The North Penn School Board mandated masks in the fall for all students in the district, Montgomery County’s largest, during a contentious meeting that went late into Thursday evening,
The board voted unanimously in favor of mandatory masks in the elementary and secondary schools after more than 60 students, parents, and community members spoke on both sides of the issue. The meeting drew a crowd of at least 100 community members.
Elementary school students are required to wear masks, no matter the rate of coronavirus transmission. For secondary students, masks can become optional if transmission rates go down from “substantial” to “moderate” or “low,” using Montgomery County Office of Public Health metrics. Children under the age of 12 are not yet eligible for vaccination under the Food and Drug Administration’s emergency use authorization, though clinical trials on that age group are currently underway.
Many North Penn parents, speaking in support of the mask mandate, expressed fear around rising cases of the virus’ delta variant.
Marilyn Tontoni of Montgomery Township, previously a North Penn parent, said masking up is about working together to keep the most vulnerable communities safe from COVID-19.
“I don’t understand why people, after all this time, don’t understand the concept of protecting your community around you,” said Tontoni. “We live in a community, and we have to take care of each other.”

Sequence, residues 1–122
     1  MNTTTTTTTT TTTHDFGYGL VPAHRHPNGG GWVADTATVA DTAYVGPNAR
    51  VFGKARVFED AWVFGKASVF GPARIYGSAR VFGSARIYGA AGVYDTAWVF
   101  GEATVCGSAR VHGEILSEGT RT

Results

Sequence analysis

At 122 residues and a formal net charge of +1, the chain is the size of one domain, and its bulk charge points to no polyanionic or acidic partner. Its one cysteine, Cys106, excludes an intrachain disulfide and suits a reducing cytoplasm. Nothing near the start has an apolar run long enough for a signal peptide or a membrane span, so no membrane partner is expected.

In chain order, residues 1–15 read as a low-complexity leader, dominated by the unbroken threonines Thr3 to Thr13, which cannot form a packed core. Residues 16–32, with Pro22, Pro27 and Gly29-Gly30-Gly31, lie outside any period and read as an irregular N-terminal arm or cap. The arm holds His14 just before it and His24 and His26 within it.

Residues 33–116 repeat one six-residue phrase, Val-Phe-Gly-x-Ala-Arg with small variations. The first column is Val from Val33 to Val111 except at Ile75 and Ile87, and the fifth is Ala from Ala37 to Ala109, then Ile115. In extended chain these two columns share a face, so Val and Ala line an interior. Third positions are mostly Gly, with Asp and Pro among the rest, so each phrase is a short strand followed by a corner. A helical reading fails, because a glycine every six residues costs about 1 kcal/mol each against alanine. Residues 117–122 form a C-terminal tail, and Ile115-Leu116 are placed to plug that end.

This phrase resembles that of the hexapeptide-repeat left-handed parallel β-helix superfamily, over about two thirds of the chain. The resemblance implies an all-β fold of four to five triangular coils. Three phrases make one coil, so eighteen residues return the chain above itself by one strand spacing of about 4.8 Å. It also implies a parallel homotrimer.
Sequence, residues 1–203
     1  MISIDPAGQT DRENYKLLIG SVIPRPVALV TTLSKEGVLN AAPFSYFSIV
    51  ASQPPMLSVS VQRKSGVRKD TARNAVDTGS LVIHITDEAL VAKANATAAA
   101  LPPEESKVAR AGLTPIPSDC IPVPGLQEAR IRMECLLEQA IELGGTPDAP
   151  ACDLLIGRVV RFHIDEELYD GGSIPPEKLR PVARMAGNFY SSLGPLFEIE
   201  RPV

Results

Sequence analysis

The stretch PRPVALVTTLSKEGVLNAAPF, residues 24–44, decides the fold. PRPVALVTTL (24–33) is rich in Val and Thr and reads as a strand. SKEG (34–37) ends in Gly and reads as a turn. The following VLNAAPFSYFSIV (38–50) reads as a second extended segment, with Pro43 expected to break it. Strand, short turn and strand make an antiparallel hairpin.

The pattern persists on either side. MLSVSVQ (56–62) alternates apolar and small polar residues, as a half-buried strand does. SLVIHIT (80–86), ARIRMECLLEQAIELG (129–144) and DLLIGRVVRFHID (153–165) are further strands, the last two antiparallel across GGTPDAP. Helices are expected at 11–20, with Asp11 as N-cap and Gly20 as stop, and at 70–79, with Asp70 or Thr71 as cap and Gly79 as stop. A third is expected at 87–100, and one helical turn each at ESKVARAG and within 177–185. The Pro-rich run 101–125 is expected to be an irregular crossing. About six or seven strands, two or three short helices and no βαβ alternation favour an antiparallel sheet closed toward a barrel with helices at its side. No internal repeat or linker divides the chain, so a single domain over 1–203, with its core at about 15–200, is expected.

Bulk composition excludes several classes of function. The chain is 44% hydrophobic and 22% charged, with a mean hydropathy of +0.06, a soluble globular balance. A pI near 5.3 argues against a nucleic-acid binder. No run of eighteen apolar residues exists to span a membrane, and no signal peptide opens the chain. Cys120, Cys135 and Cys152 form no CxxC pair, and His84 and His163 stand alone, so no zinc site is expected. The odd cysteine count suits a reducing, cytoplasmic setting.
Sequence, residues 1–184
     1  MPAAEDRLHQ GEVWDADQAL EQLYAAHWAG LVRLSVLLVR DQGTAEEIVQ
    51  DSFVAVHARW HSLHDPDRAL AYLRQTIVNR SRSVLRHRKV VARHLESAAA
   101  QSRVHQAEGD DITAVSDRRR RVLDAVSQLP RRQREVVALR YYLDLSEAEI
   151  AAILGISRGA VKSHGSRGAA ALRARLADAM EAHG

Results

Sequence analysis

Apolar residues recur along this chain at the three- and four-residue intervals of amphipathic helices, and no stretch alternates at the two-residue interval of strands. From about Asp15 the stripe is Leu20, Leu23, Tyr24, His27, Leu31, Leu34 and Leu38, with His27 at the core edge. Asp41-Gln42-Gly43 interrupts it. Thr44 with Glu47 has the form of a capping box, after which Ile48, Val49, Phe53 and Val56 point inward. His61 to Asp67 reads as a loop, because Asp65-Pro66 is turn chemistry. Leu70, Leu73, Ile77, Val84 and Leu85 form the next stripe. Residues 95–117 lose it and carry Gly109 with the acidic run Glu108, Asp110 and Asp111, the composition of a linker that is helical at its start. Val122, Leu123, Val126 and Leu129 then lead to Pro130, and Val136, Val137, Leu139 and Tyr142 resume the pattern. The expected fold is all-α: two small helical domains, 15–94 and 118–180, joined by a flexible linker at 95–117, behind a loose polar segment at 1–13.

Some parents, however, spoke about wanting their freedom to choose masks, or no masks, for their children
One parent, who wished to remain anonymous, stood outside the board meeting with multiple signs. One said, “Our constitutional right: freedom to not wear a mask!”
“I don’t want to infringe on parents who feel that a mask is something that they want to choose for their child’s health, but don’t infringe on my freedom of choice for my child,” said the parent. “Basically, my child, my choice.”
Although the topic wasn’t on the agenda for the board’s meeting, some parents tied the district’s diversity, equity, and inclusion initiatives into the conversation, labeling DEI, masks, and COVID-19 vaccines as “poisons.”
As the board members explained their decision to vote in support of masks, the majority of the opposition shook their heads and walked out of the meeting.
Throughout the summer, parents and community members in North Penn — which encompasses Hatfield Borough, Hatfield Township, Lansdale, North Wales, Montgomery Township, Towamencin, and Upper Gwynedd — have engaged in heated debate over the district’s safety plans.
In July, the school board had voted for a mask-optional policy for all students. But during its work session last week, the board directed district staff to prepare a modified COVID-19 school safety plan for approval this week — abruptly ending the work session after heated altercations broke out among residents.
At that Aug. 11 work session, the Pottstown Mercury reported, Board Vice President Christian Fusco called for adjournment early, cutting off the usual extra 30 minutes of community input. After a shouting match in the audience, one community member called the police. Residents continued to shout at board members while they exited the room.
North Penn Superintendent Curt Dietrich noted the rise in COVID-19 cases across the state as an explanation for the district’s change of plans.